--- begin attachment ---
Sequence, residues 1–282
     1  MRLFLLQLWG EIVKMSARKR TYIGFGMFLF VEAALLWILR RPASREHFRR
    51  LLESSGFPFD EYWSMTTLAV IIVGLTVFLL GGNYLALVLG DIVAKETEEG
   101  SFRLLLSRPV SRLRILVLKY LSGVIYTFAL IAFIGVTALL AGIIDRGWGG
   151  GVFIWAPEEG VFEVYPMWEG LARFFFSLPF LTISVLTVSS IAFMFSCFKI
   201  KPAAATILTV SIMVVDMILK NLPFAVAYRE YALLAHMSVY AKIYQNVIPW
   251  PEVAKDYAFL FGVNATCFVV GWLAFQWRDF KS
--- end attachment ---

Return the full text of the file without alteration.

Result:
Sequence, residues 1–282
     1  MRLFLLQLWG EIVKMSARKR TYIGFGMFLF VEAALLWILR RPASREHFRR
    51  LLESSGFPFD EYWSMTTLAV IIVGLTVFLL GGNYLALVLG DIVAKETEEG
   101  SFRLLLSRPV SRLRILVLKY LSGVIYTFAL IAFIGVTALL AGIIDRGWGG
   151  GVFIWAPEEG VFEVYPMWEG LARFFFSLPF LTISVLTVSS IAFMFSCFKI
   201  KPAAATILTV SIMVVDMILK NLPFAVAYRE YALLAHMSVY AKIYQNVIPW
   251  PEVAKDYAFL FGVNATCFVV GWLAFQWRDF KS